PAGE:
In this cycle, the pursuer is looking to get a reaction from their withdrawn partner. They often feel alone, unloved, indivisible, that they don’t matter, or are unimportant. When they are feeling this way, they often engage in behaviors in an attempt to resolve these hurts. They can become provoking (any response is better than no response), critical (why don’t you help me more?! You are always on your phone! You care more about work than you do about your family!), blaming (I get so angry because you don’t listen to me!), demanding (Why can’t you be more affectionate with me?! I need you to listen to me!). This often comes across as attacking to their partner’s character and behaviors. But underneath the attacks is the despairing pain of isolation and loneliness calling to be heard and soothed.
The withdrawing partner is typically trying to calm the waters by avoiding conflict. They can also feel paralyzed because they feel anything they say or do will be the wrong thing, so they do nothing. They appear stoic and uncaring to their partner, cold and distant, but behind the wall they are feeling inadequate (no matter what I do or how hard I try, it’s never good enough), feelings of failure (I can’t seem to get it right, I can’t make my partner happy). When everything they do seems to make it worse, they withdraw farther and farther. They withhold thoughts and emotions and have a lot of inner turmoil even though on the outside it may appear they don’t care.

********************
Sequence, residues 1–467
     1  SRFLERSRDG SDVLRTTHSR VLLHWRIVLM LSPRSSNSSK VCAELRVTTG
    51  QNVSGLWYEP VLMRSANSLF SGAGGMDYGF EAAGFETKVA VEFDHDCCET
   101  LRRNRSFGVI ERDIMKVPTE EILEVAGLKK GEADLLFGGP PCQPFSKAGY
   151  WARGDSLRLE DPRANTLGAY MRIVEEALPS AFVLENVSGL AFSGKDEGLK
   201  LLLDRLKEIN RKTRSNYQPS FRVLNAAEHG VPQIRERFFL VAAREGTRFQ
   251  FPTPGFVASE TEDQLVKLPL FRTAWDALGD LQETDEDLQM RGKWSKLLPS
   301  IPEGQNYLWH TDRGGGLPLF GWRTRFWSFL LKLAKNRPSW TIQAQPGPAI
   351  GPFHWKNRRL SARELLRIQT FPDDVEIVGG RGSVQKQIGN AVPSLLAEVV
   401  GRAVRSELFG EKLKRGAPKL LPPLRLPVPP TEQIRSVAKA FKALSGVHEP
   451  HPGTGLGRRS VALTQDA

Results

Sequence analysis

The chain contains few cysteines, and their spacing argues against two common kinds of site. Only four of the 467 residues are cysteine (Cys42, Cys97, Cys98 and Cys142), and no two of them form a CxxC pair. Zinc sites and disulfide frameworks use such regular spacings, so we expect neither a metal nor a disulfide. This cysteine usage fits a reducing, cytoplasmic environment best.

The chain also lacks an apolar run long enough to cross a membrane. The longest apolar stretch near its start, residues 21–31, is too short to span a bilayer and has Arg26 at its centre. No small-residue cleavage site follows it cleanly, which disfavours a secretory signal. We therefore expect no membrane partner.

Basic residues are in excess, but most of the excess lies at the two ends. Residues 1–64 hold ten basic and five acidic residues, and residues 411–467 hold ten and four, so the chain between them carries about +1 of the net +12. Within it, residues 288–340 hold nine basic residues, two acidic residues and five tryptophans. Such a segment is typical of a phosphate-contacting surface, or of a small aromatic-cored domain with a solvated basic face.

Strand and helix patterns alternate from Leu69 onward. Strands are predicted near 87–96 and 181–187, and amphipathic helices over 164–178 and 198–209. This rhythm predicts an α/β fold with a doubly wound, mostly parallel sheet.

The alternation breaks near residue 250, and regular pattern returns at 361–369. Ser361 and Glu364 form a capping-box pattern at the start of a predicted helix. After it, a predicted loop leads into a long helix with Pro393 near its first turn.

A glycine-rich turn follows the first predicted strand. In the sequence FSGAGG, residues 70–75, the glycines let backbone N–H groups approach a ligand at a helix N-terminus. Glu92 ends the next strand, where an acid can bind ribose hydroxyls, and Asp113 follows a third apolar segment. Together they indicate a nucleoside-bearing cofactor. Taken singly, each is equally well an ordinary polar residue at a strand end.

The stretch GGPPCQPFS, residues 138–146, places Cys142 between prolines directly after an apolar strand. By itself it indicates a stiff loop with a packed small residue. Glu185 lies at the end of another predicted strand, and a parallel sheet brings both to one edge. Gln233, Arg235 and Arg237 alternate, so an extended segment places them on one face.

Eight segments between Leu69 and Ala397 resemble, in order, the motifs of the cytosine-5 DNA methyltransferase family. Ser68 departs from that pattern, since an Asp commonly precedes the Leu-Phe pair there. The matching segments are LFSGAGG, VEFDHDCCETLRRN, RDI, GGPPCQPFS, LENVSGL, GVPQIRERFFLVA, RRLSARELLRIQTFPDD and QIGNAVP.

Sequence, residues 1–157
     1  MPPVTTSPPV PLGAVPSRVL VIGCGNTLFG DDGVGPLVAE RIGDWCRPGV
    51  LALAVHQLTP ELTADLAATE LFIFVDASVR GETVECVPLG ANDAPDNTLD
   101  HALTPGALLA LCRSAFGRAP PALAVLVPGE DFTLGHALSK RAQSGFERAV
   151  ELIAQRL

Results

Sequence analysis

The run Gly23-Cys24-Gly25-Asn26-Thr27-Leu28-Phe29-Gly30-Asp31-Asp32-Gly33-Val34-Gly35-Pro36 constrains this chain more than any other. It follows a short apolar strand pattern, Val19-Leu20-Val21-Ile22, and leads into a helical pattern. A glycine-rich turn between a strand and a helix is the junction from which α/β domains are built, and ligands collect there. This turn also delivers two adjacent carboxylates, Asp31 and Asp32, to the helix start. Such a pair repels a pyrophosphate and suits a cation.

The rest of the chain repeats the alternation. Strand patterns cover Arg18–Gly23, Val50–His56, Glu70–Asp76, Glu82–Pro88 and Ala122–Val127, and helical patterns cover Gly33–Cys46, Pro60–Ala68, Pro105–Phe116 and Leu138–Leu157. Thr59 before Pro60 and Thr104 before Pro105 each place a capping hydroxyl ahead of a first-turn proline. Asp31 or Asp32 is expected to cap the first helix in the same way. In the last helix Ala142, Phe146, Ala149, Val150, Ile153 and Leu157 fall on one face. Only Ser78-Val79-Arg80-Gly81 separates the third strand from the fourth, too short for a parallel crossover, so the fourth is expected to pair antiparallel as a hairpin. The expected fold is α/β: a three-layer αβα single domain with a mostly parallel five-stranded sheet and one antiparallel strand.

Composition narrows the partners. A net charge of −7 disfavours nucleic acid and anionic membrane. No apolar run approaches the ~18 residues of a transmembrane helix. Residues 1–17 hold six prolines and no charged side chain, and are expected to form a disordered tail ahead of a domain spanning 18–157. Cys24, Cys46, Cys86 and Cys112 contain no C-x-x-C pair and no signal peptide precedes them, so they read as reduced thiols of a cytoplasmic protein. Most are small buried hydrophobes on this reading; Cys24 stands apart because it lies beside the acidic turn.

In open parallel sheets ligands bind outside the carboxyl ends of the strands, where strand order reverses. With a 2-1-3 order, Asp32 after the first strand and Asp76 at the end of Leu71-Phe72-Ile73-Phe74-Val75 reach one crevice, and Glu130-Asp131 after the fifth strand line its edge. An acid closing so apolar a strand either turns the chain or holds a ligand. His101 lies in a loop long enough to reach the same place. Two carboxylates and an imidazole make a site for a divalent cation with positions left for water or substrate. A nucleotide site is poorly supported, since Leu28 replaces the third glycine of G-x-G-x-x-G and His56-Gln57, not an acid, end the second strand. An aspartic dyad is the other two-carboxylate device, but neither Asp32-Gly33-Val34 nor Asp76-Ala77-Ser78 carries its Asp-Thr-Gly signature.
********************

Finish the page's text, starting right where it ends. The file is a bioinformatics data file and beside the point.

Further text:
So the more the pursuer criticizes and attacks, the more the withdrawer feels unsafe and withdraws. The more the withdrawer withdraws, the more unsafe the pursuer feels and keeps going seeking a response. For the pursuer, if they didn’t pursue, the fear is they will end up more isolated and alone. The withdrawer fears if they don’t withdraw, things will escalate and get worse. Both in their own way are trying to protect the connection in the relationship while also trying to protect themselves from further hurt and despair. It’s a vicious painful cycle and both partners are caught.